As most of those who cover football both nationally and locally have been primarily talking about the NFL Lockout, which should probably end this week, there has been a noticeable dearth of actual football talk. While most training camp stories this time of year are vacuous accounts of players in the “best shape of their lives,” free agency speculation, and generally devoid of substance, I do miss the macro prognostications that we usually have started to see by this time of year.
With that said, I am going start writing about broad and specific predictions I have for the NFL season. The Lockout should be over soon and while there will be a crazy frenzy of free agency in the ensuing weeks, I do not think that it is entirely too early to make educated guesses about what will happen this season. It is my firm belief that the cores of most successful NFL franchises are built in-house and I think that right now the Houston Texans have a solid foundation to build around and will be one of those teams that we see in every NFL season make the jump from cellar dweller to contender.
To be successful in today’s NFL, the three most important things to consider are having a great quarterback, protecting the quarterback, and the ability to get to other teams’ quarterbacks. Other pieces of a team are of varying importance but the best teams have a core in the aforementioned three areas that can subsequently be built around.
In this regard, I think the Houston Texans are well-positioned to make a jump. ESPN Insider’s scouting department (subscription required) ranks Matt Schaub as tied with Matt Ryan and Carson Palmer as having been the 11th-best quarterback in football, behind (starting at #1) Peyton Manning, Drew Brees, Tom Brady, Philip Rivers, Ben Roethlisberger, Aaron Rodgers, Brett Favre, Eli Manning, Joe Flacco, and Tony Romo. In 2011, I would rather have Schaub as my quarterback than Favre, Eli Manning, and Flacco and would rank him equally with Romo and Ryan. This would place Schaub in a three-way tie for #7, in the first quartile of the league.
Last season, Schaub completed 63.6% of his passes, throwing for 4370 yards, 24 touchdowns, and 12 interceptions. These are pretty good numbers that I predict he will at least match and probably improve upon. I get that there have been issues with Schaub in the past with “clutchness” and that he has not won any big games in his career. However, it is a logical fallacy to assume that just because a quarterback has not done so before that he will not do so in the future. Before last year, we were constantly reminded that Aaron Rodgers had never won a playoff game. He and the Packers proceeded to win four in a row.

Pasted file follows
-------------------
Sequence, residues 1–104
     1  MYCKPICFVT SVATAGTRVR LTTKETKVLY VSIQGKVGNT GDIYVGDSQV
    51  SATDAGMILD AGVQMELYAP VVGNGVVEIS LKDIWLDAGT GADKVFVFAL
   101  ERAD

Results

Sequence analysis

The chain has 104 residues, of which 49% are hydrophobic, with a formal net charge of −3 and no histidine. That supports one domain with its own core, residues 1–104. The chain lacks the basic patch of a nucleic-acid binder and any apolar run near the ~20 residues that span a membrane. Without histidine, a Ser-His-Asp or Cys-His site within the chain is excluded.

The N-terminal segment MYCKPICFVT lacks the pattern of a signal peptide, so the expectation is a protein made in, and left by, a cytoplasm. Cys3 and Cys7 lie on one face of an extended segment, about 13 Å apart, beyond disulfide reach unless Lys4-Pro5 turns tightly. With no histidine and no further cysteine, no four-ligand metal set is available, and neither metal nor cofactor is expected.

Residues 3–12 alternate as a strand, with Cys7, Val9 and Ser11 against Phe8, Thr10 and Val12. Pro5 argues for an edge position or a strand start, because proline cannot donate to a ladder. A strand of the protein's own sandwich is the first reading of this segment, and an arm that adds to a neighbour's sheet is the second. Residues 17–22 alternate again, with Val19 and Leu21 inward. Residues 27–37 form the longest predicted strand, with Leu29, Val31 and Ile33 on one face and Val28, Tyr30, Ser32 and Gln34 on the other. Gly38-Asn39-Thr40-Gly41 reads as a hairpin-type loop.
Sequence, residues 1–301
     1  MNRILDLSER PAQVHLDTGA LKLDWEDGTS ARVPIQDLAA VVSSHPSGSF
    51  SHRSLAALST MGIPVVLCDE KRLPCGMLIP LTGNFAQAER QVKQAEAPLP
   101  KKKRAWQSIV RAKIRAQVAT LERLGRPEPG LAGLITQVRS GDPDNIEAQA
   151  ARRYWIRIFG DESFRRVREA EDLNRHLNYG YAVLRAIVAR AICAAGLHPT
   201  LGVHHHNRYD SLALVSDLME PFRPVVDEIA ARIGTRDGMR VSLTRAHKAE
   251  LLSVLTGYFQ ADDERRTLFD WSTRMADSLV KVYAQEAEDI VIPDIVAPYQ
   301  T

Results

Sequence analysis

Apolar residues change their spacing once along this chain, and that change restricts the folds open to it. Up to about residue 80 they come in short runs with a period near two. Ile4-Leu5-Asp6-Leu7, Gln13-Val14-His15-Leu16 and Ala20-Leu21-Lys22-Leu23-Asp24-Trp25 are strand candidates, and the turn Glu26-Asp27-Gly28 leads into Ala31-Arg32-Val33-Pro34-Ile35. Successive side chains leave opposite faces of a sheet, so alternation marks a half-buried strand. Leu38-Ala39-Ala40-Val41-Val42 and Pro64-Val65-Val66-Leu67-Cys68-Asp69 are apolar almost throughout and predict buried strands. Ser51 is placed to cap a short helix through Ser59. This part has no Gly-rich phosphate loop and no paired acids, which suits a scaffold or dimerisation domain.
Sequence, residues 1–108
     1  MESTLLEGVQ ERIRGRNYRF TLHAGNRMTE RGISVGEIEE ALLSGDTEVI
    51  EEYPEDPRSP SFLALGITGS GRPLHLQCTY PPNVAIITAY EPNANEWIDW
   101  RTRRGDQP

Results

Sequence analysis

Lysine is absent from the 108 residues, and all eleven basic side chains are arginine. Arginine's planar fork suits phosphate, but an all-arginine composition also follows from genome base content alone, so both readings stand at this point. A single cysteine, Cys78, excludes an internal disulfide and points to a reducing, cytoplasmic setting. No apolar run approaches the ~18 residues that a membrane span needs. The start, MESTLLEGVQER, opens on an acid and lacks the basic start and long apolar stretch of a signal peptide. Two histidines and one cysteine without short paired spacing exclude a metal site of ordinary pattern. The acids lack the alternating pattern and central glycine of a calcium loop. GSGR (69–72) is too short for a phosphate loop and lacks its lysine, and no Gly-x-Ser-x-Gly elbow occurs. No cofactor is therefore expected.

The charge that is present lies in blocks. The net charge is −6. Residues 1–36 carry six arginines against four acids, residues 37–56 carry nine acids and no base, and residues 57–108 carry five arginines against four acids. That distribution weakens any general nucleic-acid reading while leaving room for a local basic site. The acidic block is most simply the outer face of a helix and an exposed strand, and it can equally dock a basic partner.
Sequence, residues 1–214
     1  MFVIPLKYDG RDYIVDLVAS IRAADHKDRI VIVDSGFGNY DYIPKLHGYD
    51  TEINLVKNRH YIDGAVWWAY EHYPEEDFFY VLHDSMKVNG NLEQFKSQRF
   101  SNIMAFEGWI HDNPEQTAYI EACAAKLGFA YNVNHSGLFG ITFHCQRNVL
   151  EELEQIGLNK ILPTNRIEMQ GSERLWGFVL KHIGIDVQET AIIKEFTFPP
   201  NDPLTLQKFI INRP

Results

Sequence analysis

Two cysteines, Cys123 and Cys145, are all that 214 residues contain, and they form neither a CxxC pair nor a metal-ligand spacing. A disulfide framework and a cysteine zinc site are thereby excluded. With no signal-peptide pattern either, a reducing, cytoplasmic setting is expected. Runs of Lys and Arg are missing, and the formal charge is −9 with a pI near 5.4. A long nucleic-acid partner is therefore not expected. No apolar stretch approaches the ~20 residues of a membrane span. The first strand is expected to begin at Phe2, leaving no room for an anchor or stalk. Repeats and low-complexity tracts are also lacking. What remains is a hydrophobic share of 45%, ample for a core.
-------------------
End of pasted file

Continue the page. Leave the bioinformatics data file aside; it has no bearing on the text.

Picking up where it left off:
As far as protecting the quarterback, the Texans’ tackles rank fairly well. For offensive tackles (not differentiated between left and right), ESPN Insider ranked right tackle Eric Winston tied for #9 and left tackle Duane Brown tied for #27 in 2010. I do not claim to know anything about how to evaluate offensive linemen but Houston appears to be OK in this department, having been ranked 4th in run protection and 12th in pass protection in 2010 by Football Outsiders. Elsewhere on offense, the Texans have pretty good skill players. Andre Johnson is one of, if not the best, NFL’s best wide receivers while running back Arian Foster led the NFL with 1,616 rushing yards last season.
Houston’s defensive line was ranked 17th last season against the pass by Football Outsiders. However, I would expect this ranking to go up after the Texans selected Wisconsin defensive end JJ Watt 11th overall. In evaluating Watt before the draft, some of my friends and I concluded that his sheer will and determination would make him a very good pro but that he would be great if he were picked by a team that has another elite pass rusher. Playing opposite Mario Williams on the defensive line, Watt will be a force to be reckoned with.
On top of the very tangible on-field benefits that Watt will give the Texans, he is a truly inspiring presence off the field. Consistently talking the talk and walking the walk, Watt’s credo is DBWH–Dream Big Work Hard. Considering how much I look to Watt as a role model just from rooting for him, reading about him, and following him on Twitter, I can only imagine what his tangential effects will be on his teammates in the Houston locker room. A vocal leader, Watt will lead by example to instill a selfless, winning attitude in the organization.
Watt, Williams, and the rest of the Texans defense will likely see a rise in production with new defensive coordinator Wade Philips. Although he has languished as a head coach, Philips is a brilliant defensive mind who has a track record for improving defenses in his first year. Using stats from pro-football-reference.com, I made a table showing what team defenses did the year before Philips became defensive coordinator and what they did in his first season. Please note that his first season in Dallas was as head coach.
|Points Allowed||Yards Allowed||Turnovers forced|
In his last five stops, Philips-led defenses have improved in the first year in both points and yards allowed. Turnovers forced stayed the same in Buffalo and dropped slightly in Dallas but rose significantly in Denver, Atlanta, and San Diego. Even though Houston will have less time in training camp than normal to shift from last season’s 4-3 defense to Philips’s 3-4, I predict that it experiences a similar jump.
Many NFL fans are probably tired of picking Houston as a team to make the jump. They have had lofty expectations before many seasons in the recent past which they have failed to adequately fulfill. This season will be different. I think that Houston’s ascent into the league’s upper echelon will begin this year as the team wins at least 10 games and earns a spot in the AFC Playoffs.
Please follow me on Twitter – @RGSpiegel